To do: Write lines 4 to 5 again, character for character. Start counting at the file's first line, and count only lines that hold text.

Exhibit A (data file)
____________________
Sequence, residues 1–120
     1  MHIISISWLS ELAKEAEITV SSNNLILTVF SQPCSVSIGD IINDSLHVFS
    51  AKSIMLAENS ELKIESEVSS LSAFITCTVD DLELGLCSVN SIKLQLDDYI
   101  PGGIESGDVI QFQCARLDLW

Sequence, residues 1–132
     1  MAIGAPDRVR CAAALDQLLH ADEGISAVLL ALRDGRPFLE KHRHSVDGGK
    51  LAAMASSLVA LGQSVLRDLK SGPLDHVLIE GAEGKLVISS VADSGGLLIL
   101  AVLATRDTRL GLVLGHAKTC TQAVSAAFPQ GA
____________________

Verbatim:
   101  PGGIESGDVI QFQCARLDLW

Sequence, residues 1–132